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COVID-19 Cases Jump in South Sudan

FILE - A member of a medical team, wearing a protective suit, cleans the airfield to prevent the spread of the coronavirus disease, at the Juba International Airport in Juba, South Sudan, April 5, 2020.

South Sudan should expect to see a spike in coronavirus cases in coming days, according to at least one public health expert.

Twenty-eight new cases were confirmed Tuesday by the country’s high-level task force on COVID-19, bringing the total to 34.

Dr. Akuay Cham, an associate professor at the College of Public Health at the University of Juba, called the one-day increase in the number of confirmed cases worrying and said it indicated the virus was being transmitted locally.

“When we have, for example, an imported case, a case coming from outside, it is easy to track. But now you start having community transmission, in which you don’t know who is carrying what,” Cham told VOA’s South Sudan in Focus.

First Vice President Riek Machar, deputy chairman of the task force, said 10 other test results came back unclear and must be retested. He said the new confirmed cases had all come in contact with one person.

“All 28 confirmed cases and eight cases with inclusive test results are contacts of the fifth case, who was a member of Tonj Community Peace Mission,” Machar told VOA.

He said all of the individuals were isolated at the same quarantine site.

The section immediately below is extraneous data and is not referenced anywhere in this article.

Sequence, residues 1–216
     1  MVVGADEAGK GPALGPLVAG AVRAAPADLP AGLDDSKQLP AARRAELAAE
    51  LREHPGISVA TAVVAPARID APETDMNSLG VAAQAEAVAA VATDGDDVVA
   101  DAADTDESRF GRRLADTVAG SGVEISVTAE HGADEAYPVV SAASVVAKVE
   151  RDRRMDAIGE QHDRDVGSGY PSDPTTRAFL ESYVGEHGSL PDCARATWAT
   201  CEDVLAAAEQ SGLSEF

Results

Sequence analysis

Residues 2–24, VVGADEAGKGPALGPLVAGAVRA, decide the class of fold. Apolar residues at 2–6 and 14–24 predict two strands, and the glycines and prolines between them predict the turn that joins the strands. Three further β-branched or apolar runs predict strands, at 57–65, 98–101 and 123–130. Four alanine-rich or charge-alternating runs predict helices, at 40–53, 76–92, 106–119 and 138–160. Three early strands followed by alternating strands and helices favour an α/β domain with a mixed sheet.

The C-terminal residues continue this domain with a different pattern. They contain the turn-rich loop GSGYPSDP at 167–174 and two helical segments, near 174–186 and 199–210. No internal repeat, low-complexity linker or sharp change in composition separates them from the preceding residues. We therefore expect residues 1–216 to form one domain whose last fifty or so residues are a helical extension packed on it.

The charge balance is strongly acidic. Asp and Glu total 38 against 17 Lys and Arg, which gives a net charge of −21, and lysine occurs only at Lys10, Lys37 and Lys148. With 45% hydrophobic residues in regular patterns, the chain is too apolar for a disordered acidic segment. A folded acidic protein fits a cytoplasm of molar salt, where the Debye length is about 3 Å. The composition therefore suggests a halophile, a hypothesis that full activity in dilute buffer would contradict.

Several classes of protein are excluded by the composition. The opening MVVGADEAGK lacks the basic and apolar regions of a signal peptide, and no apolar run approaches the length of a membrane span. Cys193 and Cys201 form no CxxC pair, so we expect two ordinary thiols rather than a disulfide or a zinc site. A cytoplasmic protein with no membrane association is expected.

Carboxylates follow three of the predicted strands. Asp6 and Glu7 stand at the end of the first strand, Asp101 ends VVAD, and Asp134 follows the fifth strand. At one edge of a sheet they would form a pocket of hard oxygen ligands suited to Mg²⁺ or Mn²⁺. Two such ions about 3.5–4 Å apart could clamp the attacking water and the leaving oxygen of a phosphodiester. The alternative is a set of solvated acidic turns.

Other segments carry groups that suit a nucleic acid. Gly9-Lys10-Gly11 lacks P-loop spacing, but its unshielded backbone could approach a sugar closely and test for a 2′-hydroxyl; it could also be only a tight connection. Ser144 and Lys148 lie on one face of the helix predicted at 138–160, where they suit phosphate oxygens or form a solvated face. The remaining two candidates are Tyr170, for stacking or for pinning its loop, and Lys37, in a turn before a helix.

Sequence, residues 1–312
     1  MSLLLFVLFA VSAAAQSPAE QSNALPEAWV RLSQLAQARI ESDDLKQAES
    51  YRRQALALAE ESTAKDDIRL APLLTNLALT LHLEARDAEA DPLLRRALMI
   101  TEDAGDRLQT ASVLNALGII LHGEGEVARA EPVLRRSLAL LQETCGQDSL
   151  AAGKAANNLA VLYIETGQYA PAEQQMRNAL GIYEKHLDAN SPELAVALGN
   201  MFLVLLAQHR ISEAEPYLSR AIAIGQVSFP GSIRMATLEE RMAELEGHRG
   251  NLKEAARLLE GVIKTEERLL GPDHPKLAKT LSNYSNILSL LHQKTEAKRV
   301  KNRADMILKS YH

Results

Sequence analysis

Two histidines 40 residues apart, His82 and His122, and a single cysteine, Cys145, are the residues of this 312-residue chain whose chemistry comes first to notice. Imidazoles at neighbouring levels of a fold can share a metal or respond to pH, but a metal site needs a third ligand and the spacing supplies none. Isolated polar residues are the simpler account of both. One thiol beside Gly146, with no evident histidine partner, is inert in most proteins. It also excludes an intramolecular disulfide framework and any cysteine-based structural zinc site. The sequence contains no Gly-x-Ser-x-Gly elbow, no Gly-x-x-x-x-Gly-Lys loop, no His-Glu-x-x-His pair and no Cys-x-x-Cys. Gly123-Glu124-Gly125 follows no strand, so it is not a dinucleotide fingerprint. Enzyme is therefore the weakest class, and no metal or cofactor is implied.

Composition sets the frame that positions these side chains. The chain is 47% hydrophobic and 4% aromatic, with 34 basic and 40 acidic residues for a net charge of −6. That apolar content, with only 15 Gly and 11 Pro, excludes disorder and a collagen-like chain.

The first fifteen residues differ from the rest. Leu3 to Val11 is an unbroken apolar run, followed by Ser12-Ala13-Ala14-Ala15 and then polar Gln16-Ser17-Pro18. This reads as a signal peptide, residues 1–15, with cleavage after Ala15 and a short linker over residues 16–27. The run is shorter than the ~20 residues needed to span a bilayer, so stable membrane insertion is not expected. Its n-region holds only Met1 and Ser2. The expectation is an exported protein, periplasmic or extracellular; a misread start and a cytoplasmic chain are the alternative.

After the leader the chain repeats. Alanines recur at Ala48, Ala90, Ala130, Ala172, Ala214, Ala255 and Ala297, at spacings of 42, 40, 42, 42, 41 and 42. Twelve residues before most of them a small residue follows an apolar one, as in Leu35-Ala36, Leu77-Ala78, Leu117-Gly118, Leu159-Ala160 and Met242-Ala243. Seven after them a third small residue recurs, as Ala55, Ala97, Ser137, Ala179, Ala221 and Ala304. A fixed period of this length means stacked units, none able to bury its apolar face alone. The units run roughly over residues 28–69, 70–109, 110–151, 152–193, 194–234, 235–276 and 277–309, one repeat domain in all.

'Respect the directives'

The jump in cases should make South Sudanese realize the seriousness of the situation, said the first vice president.

“We want citizens to respect the directives given to them by the high-level task force so that we protect ourselves and our nation,” said Machar.

South Sudan’s task force on COVID-19 said it had tested nearly 600 samples to date.

The task force announced Wednesday that a curfew in Juba would begin an hour earlier, at 7 p.m., effective immediately.

It said all bars, food stalls and restaurants except those offering takeout service were closed until further notice.

Efforts to fight the pandemic should include consideration of mass testing, beginning in Juba, Cham said.

“Let citizens not take this as responsibility of the government. It is every one of us; you have to be responsible for your life, and it is not an issue of the government, you have to take it personal. Be a responsible citizen,” Chan said.

The task force has urged the public to practice social distancing and to wash hands regularly with soap.